• Bend, OR

Priced Out of Housing

While I recently published a post on housing, that was a more general look at the concept of holding a mortgage in the first place. This post will be more on the specifics of housing conditions in urban centers throughout the US. Namely, things have gotten increasingly unaffordable for middle class people in desirable cities.

Take this article, for example:

The median home value in San Francisco now stands at $765,700 – 10 times the city’s median household income, according to the census. As of March, the median rent for a one-bedroom apartment was $3,590 a month. With the median income in the city being $78,400 a year, this means the average household can end up spending as much as half its earnings on housing.

It’s gotten to the point where the city core will be filled with the wealthy, while the ordinary workers, teachers, nurses, and police officers have to commute in from miles away. That takes an incredible toll, both physically and financially.

Will things continue to trend this way? Central London has shown us that prices can remain out of reach for decades, if not generations, when houses become used as investment assets for the global wealthy rather than as places to live. Central banks by lowering interest rates drives hot money chasing returns into real estate. While mortages are lower, houses are not any more affordable given how much prices have risen.

New construction isn’t going to come galloping in like a white knight to rescue us. For one, since the last crash construction has shut down and is only starting to slowly return now, but not nearly at the pace needed to keep up with new household formation.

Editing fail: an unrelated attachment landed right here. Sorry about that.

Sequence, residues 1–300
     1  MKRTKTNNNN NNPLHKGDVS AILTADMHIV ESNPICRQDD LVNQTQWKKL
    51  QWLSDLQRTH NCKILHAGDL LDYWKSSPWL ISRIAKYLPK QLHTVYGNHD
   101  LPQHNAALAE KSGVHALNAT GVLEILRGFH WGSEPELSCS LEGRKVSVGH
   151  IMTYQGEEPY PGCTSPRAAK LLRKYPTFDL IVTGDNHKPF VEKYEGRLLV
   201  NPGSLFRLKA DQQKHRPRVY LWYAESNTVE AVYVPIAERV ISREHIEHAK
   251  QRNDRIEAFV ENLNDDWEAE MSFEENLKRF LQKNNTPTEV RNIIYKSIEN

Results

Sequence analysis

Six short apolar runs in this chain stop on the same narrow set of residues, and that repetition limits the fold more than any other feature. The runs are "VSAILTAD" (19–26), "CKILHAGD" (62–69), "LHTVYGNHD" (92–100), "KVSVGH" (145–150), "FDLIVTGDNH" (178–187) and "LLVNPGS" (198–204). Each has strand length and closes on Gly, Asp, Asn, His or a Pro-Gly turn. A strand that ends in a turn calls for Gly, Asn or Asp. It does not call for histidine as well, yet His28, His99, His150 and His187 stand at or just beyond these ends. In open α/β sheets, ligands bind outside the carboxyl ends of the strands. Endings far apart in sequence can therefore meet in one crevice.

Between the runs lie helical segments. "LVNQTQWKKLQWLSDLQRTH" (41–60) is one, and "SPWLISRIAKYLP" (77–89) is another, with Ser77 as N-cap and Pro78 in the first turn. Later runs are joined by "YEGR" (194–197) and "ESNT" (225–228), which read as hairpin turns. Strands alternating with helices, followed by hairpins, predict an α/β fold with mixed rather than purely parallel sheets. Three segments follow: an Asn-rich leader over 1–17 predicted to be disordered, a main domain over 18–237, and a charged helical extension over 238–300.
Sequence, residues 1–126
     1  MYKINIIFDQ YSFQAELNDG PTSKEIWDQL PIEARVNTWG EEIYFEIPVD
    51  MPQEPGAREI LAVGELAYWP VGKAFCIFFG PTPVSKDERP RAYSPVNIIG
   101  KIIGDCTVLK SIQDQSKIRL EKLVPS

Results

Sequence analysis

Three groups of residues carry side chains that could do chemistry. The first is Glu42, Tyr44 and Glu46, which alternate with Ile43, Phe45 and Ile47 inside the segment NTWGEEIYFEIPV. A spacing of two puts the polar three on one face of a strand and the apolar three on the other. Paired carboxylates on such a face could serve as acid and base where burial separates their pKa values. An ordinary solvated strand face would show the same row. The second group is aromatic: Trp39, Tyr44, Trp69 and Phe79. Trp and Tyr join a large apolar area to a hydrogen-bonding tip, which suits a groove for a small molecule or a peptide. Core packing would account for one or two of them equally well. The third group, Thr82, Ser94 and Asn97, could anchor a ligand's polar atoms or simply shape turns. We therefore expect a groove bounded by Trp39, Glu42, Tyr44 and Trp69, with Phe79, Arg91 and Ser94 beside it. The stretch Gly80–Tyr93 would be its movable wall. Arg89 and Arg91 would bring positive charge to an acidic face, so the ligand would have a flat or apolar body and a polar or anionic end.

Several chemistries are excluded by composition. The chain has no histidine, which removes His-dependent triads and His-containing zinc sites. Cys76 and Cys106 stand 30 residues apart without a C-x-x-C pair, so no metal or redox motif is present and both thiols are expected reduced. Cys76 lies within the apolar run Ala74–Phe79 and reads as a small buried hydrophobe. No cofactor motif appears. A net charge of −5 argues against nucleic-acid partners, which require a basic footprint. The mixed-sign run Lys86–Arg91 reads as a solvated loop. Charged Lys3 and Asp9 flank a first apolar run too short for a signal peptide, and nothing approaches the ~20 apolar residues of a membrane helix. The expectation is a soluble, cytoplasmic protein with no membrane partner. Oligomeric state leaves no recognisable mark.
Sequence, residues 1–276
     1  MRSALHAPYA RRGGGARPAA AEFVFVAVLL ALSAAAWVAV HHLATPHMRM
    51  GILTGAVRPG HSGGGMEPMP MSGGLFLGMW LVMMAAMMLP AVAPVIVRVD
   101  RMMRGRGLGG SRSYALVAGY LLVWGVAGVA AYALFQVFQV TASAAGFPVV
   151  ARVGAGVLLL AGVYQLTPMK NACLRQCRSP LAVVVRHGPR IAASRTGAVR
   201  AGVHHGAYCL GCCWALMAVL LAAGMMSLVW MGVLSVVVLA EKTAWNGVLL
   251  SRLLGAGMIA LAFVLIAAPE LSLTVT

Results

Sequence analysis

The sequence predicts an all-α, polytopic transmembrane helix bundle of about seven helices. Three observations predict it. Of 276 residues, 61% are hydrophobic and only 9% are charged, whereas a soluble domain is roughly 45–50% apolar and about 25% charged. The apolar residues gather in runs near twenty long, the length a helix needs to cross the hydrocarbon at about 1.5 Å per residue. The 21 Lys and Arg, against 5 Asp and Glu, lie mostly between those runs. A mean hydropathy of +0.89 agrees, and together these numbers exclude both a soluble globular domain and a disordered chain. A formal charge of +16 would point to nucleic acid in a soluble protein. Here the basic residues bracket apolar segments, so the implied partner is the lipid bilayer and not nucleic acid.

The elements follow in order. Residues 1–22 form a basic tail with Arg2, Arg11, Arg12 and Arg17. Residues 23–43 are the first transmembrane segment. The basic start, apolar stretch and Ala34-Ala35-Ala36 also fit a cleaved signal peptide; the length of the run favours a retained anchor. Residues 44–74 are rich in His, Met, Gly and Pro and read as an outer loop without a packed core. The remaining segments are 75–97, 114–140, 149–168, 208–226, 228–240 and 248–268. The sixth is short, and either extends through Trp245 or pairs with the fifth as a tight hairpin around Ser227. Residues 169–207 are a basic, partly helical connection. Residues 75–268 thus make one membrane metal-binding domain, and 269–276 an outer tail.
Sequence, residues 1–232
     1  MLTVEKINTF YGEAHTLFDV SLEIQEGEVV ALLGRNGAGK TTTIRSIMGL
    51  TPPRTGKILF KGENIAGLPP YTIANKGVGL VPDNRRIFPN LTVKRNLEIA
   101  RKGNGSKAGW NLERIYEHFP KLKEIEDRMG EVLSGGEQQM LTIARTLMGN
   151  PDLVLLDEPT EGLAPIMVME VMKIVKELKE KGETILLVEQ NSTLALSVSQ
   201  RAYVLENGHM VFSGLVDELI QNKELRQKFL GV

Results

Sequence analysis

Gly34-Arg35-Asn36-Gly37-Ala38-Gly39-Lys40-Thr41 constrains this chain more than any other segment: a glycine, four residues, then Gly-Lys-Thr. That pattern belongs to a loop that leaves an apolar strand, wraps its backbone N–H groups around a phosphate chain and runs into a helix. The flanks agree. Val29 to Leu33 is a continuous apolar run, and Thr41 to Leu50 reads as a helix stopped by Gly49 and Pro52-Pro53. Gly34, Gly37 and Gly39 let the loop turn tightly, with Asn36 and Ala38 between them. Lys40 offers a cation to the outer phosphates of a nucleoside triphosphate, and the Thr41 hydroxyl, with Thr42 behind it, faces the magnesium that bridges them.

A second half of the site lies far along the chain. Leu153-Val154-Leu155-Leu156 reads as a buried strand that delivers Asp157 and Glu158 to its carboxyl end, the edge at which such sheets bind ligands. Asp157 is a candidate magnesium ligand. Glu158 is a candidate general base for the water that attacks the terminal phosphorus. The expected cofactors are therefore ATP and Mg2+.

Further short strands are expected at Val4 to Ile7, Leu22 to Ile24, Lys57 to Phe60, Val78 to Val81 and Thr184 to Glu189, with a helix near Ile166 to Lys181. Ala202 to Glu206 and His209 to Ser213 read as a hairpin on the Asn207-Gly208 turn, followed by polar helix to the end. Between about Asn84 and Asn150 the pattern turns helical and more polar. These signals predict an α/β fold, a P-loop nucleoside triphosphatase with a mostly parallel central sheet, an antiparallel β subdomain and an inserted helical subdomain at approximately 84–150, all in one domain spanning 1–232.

Currently, things maintain themselves at an equilibrium, albeit stretched at near breaking point. Ordinary adult workers shack up two or three to a house in order to live in the city.

What’s the solution? Cities have to look at becoming denser with better utilization of space, overriding objections of the NIMBY anti-density crowd. Simply raising wages without increasing construction won’t work – there will be more money chasing the same tight supply, which will result in even higher prices.

There are some nifty things that governments can do to alleviate the shortage by discouraging investors from buying and removing housing stock from the rental pool. This is more of a problem in the UK, where property taxes are low, as compared to the US, where it would be costly for a foreign magnate to let too many houses sit empty.

But these are all things out of our control that may or may not end up happening. What we can do as individuals is to vote with our feet and move to places that are still affordable, such as Salt Lake City, Dallas, and Atlanta. Envisioning life outside of the country can work as well, especially for those who have read my book on wealth and are interested in a mobile freelance life.


Save on a House with Seasonal Buying

Are you in the market for a house? If so, it’s important to be aware of seasonal variations. In my book on wealth, I discuss how time shifting purchases and activities outside of peak areas can lead to significant savings. In the case of buying a house, this means buying in wintertime.

Take a look at the following graph from Schwab:

seasonal fluctuation of house prices